For several years now, the Prado Museum has opened a study topic on gender and art, and in particular on the female contribution to the magnitude and quality of the museum’s collections, which are unique in the world. Today we will discover the female collectors of the Prado Museum.
This year again, a symposium was organized to invite art historians and researchers to deliver the results of their studies on the issue, an opportunity to rewrite the permanent tour of the museum, and to propose a new point of view on the works to be visited today : “El Prado en femenino“.
This study has made it possible to realize that the treatment of female subjects or female artists was not always the same as their male homologues in the museum, or that the political impact of queens, princesses and sovereigns was also once through patronage, a fact too often forgotten.
It is already important to remember that the very creation of the museum in 1819 was largely promoted by the work of Maria Isabel of Braganza, or Maria of Portugal (1797-1818), Queen of Spain and wife of Ferdinand VII, who gave the impulse to create the museum. She is depicted as the patron of the arts in the painting by Bernardo Lopez Piquer, below.
But many sovereigns also contributed to the richness of the royal collections, such as Isabella Ist of Castile, Elisabeth of France, or Mariana of Austria, to name but a few, women who, in spite of the difficulty of managing finances, traveling or simply taking a place in society at that time, succeeded through their influence and their network in commissioning and acquiring true masterpieces.
This is the case of Mary of Hungary (1505-1558), Queen of Hungary and Bohemia, and sister of Charles the Vth, who accumulated a large collection of works by Titian, and created a political image of her brother Emperor through the arts.
One of the paintings of the Italian master, “Charles V at the Battle of Mühlberg” (1548), representing the crushing victory of Charles V against the Protestant revolt in northern Europe, is for example a very political commission for the time. Unable to take an active part in the battle other than by writing letters and so preparing for the conflict from a distance, Mary of Hungary used the symbolic power of painting to present her brother as an impassive, powerful ruler who should never be attempted to be betrayed again.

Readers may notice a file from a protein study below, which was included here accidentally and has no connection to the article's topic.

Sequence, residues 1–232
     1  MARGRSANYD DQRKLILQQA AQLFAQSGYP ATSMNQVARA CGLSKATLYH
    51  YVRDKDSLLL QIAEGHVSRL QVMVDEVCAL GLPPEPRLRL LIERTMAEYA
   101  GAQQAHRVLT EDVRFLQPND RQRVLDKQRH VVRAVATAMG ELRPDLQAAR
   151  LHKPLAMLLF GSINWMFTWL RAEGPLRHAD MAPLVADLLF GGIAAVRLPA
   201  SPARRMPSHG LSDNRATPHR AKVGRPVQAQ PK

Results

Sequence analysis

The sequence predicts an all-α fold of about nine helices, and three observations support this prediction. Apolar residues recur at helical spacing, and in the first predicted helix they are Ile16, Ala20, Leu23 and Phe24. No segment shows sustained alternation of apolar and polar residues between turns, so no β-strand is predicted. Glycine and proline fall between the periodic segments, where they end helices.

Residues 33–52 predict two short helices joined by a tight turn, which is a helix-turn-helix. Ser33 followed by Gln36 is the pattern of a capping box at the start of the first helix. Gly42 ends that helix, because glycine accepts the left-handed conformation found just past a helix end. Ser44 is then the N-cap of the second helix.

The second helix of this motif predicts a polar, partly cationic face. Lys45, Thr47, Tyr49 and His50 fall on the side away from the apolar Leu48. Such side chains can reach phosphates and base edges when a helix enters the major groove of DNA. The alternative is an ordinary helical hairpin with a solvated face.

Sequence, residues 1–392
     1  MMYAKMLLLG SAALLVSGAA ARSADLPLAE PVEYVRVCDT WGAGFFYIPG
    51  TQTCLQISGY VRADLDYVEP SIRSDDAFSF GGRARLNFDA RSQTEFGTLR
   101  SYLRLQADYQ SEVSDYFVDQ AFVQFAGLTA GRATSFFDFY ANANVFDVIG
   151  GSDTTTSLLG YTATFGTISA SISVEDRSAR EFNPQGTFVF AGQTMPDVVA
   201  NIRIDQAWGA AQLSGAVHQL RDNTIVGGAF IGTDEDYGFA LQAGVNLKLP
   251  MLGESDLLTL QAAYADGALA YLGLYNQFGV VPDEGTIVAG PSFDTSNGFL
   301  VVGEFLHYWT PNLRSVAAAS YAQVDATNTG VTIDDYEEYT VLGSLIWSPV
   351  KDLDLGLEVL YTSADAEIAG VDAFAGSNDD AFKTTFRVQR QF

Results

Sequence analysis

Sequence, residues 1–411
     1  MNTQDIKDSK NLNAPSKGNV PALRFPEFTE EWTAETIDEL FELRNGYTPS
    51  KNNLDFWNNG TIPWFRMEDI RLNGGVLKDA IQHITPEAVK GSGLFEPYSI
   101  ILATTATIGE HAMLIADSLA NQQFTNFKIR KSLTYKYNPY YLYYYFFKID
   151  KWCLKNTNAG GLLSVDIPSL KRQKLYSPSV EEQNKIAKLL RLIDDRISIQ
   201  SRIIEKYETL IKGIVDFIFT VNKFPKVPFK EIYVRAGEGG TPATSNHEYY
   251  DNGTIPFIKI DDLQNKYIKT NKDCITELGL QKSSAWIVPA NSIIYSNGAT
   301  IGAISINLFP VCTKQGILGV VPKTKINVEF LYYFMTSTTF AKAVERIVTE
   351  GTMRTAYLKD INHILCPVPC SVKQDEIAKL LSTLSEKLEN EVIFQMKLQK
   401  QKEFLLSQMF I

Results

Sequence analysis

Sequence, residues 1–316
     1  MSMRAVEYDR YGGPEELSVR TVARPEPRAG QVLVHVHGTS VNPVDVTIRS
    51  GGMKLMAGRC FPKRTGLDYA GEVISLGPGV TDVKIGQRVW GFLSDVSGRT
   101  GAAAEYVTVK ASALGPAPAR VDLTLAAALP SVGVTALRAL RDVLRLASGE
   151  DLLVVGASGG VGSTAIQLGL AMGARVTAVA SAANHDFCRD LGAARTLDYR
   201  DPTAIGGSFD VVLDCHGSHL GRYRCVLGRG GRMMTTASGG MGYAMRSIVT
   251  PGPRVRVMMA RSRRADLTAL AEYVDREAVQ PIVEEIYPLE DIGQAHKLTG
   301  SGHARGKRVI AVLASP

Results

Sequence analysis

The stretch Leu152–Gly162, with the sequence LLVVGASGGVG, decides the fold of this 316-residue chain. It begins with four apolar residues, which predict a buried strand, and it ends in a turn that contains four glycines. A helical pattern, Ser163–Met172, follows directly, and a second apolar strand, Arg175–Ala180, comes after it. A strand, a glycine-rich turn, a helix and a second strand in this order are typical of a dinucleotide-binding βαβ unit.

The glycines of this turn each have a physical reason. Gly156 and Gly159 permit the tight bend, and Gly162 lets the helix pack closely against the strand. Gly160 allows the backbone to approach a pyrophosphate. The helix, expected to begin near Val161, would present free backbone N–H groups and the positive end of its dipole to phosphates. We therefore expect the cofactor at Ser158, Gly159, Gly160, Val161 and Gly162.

The Bohemian queen was also behind the commission of sculptures representing the royal family in the San Jeronimo cloister, which we mentioned before, passing their achievements to posterity.
And among the queen collectors, Isabel Clara Eugenia (1556-1633), infanta of Spain, sovereign of the South Netherlands and archduchess of Austria, also stands out. She was responsible for the acquisition in Spain of an impressive quantity of works by Peter-Paul Rubens presented in the Prado museum; the largest collection of the Flemish master in the world!
In addition to the royal portraits that she commissioned from him during her lifetime, she was also responsible for sending the “Allegories of the Five Senses”, made with Jan Brueghel the Elder, to Madrid ; paintings which are still on display in the museum today. An image of the power of the Archduchess at the Madrid court, a reminder of the ties that united Flanders and Spain at the time, these paintings also evoke the wealth and abundance of the Habsburg Empire, as well as Isabel Clara Eugenia’s own developed taste for Flemish painting. The queen and her husband, the Archduke Albert of Austria, are themselves depicted in one of the paintings decorating the room.
Like these few works, many others were acquired or commissioned by women, and some of them are among the most famous masterpieces of the museum, such as Rogier Van der Weyden’s “The Descent from the Cross”, Titian’s “Sisyphus” and “Tityus”, or even the famous seven Muses of the Arts, sculptures from the first century that welcome visitors to one of the Prado’s most beautiful rooms.
In all periods and all over the world, women have collected art objects, whether it be for artistic reasons, political ambitions or power issues, and have left magnificent examples of architecture, sculpture, medals and coins, graphic arts or writings, which are today among the only traces of their influence on history.
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